Jannet and Sara Jean both attend various events, as time permits, during solstice week. Grace and her reluctant mother likewise have attended a few of the events during the solstice week. Additionally, Jannet and Sara are often offering support as volunteers. They try to photograph or video participants and to obtain short quotes from participants for website and archive purposes. Volunteers or hosts usually are posted at the entry door for a private event, checking entry cards, guest lists, and welcoming participants; doors are closed and locked during the event. During the day Jannet has had some extra, and originally unplanned, morning consultation sessions and Sara Jean is manning the hectic office activities.
Near the end of June, there are a few days of light rain which is a bit out of season but of course possible; it rains off/on an average of six or seven months out of the year in the Northwest corridor of the USA. Jannet remembers as a child asking ‘if it was a good thing that it rained so much in Portland’. Her mother responded that cold rainy days were a precursor to mysterious and magical events. Of course her mother had to explain to Jannet, the meaning of the word, precursor. While the mystery of misty rainy days has worn off, Jannet is generally comfortable with this gray wet ambiance.
Near the end of June, it is late evening, and Jannet receives a phone call just before her bedtime.
“Hi, this is your cousin Erica. I will have a dinner break soon, of about 30 minutes or so. Can you join me here at Good Samaritan?”
Jannet is there in about twenty minutes. There is a light drizzle outside and the hospital complex is buried in a wonderful neighborhood near the popular NW 23rd and NW 21st corridors. The hospital is completely modern inside but its exterior has a genuine mid-century look and feel. Jannet is thrilled to spent time with Erica who strongly resembles her late mother but who is, of course, completely and thoroughly herself.
“I have googled you. You are a member the local new age organization, the PAG. Actually I sensed that you had abilities when we first meet. Just like your mother.” Erica is chowing down her meal, she is mindful that she might be paged at any time.
“My mother you say? I was not aware that she had any abilities?”
“Your uncle, who is my father of course, told me so. When your mother was a child she displays lots of unusual abilities but no one in the family validated her. Eventually she became discouraged and she shut herself down when she became a teenager. I believed that when she was a parent, years later, she tried to ensure that her child, that is you, had a nurturing and supportive environment to grow up in, an environment that allowed you to truly be yourself.”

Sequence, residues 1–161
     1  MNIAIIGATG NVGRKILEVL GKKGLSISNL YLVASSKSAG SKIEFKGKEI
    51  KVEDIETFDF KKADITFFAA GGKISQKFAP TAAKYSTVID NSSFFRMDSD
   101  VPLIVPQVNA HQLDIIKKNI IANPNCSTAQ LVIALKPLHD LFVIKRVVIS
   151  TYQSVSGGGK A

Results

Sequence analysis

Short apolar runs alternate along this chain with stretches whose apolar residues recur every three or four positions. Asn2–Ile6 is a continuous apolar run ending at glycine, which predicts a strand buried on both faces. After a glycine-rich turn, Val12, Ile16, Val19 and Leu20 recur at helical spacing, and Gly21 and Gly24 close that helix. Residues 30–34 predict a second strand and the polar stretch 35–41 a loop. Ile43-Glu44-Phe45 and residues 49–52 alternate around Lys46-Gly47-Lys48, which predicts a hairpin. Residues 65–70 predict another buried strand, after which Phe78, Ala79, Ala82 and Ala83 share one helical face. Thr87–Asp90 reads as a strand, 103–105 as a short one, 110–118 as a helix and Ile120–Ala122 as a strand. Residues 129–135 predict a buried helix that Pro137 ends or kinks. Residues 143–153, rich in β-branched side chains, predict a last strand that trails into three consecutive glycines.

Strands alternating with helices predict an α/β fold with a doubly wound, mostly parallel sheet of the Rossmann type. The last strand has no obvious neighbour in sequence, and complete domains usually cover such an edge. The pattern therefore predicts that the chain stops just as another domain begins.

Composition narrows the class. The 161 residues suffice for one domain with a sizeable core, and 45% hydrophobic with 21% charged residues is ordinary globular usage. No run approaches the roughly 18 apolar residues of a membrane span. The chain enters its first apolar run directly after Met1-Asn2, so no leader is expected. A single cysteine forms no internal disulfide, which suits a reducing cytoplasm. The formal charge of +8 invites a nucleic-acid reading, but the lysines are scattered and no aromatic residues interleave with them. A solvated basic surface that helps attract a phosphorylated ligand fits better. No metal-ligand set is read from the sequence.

Jannet is fascinated by and moved by Erica’s perspective and insight on the past. And the women continue to talk, and talk, mostly about the topic of reconciling personal and public interests within one’s life; this is until the conversation abruptly ends. Erica has been paged. The two women promise to meet again. Erica and Jannet swiftly say their goodbyes.
One of Jannet’s beloved activities, in Portland, is to wander about, which is a sanitized and saner version of the Beat Generation’s let get lost philosophy. For her, it means walking about the city, usually through the endless array of streets and locations in and/or near downtown Portland; mostly the west side of downtown. On occasion she carefully turns on or she tunes into her sensorial apparat in order to have a deeper experience.
In a few instances she has walked with Sara Jean. On one specific day: there is a convergence of light rail tracks and activity, just east of the stadium, Providence Park, and the women stop there; Sara Jean has received an important phone call and she stops walking to take the call. Jannet takes the opportunity to initiate a trance and Sara Jean watches as Jannet becomes statue-like and motionless. After the protracted phone call, Sara Jean is ready to interrupt Jannet but she doesn’t and she instead becomes inquisitive. She touches the statuette woman with no resulting effect. Then she decides to wrap her arm around the frozen shoulders of Jannet. In an instant Sara Jean is plunged into a fog of darkness. And soon after, but gradually, various sensations return to her. These are greatly enhanced. Among these: She realizes the individualized sound and the mass of a raindrop, only there are thousands of them. And there is the sound and the weight of people strolling by, the sound and the heft of passing trains, and the sounds of automobiles and their bulk; these sensations are available layer upon layer upon layer. These experiences stop suddenly, for Sara Jean, when Jannet opens her eyes.
Sara Jean is quite breath-taken and she remains with an arm wrapped around Jannet’s shoulder. “Why is there no picture, no visuals? There were only layers of sound and tactility.”
“I turned off all sensorial channels except for sound apparatus and for tactile apparatus. Sometimes it is easily to concentrate with fewer sensorial channels or inputs.” Jannet turns comfortably towards Sara Jean in order to check the woman’s alertness level. They are face to face. “Are you ready to go?” She inquires.
Sara Jean ignores the question, for a moment. “I understand now, why it is important to see the world with this much clarity. We live here, we are residents on earth. And we need to acknowledge the real world that we live in.” Sara Jean, at that point, uncouples herself and walks east. Jannet follows.